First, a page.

Whither the Jews?


He’s the man the people choose,
Loves the Irish and the Jews.

In the wake of Barack Obama’s recent foray into South Florida’s Jewish community, Terry Mattingly has trouble getting his head around the 2008 version of the Jewish vote. “Very complex and confusing stuff,” saith tmatt. Actually, the stuff is not so complex or confusing–certainly not by comparison to, say, the Catholic vote.
Jews became solid Democratic voters early in the 20th century, and they’ve never wavered since (unless you count the disillusionment with Jimmy Carter in 1980). If the old quip that Jews earn like Episcopalians and vote like Puerto Ricans is as true now as it ever was, it’s because of the rise of the religious right. When Christians are on the march, Jews run the other way, and the the embrace of the evangelical agenda by the Republican Party has pretty effectively inoculated Jews against the GOP for a generation. Hence the smallness of George W. Bush’s gains among Jewish voters in 2004, despite heading the most aggressively pro-Israel administration in history.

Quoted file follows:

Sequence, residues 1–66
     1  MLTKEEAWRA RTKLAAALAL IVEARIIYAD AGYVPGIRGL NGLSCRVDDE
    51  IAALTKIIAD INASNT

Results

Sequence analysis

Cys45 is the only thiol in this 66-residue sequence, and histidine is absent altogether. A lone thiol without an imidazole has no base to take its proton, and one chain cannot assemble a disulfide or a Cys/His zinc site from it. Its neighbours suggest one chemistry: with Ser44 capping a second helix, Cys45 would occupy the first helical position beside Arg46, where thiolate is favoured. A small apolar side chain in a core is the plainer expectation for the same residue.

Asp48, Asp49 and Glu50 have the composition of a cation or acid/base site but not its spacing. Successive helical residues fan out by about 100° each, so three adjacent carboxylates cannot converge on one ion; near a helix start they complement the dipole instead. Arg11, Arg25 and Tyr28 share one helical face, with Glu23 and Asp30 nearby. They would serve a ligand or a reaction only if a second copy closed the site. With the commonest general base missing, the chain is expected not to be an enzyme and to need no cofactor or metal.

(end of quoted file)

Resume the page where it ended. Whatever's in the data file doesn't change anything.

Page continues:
That said, Orthodox Jews are (as Mattingly recognizes) somewhat more likely to vote Republican than Reform, Conservative, and secular Jews. And, in the current primary mode, old Jews (the preeminent type in Florida) tend to cling to Hillary Clinton (like old whites of all other religious persuasions).
As for the presumed general election match-up, there’s good reason to expect John McCain to outperform George W. Bush among Jews precisely because he is not joined at the hip (or any other place) to the religious right. Oh yes, and does Obama’s Arabic name and Muslim antecedents and black face cause some Jews some heartburn? I’m afraid the answer is yes.
So look for McCain to get 30-32 percent of the Jewish vote in November–about the same as what Reagan got in 1984, but not up to the level of Eisenhower in 1952 and 1956 (36, 40), Nixon in 1972 (35), Reagan in 1980 (39), or George H.W. Bush in 1988 (35).